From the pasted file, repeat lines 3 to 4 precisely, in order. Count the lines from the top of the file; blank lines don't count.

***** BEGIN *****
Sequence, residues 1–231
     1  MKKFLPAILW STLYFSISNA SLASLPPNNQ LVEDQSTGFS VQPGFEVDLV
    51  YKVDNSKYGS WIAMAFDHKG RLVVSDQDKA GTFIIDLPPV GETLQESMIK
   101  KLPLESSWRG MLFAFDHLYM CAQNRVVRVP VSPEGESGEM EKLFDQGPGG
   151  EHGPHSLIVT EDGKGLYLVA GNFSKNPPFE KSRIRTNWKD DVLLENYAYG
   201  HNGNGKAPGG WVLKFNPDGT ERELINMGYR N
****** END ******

    51  YKVDNSKYGS WIAMAFDHKG RLVVSDQDKA GTFIIDLPPV GETLQESMIK
   101  KLPLESSWRG MLFAFDHLYM CAQNRVVRVP VSPEGESGEM EKLFDQGPGG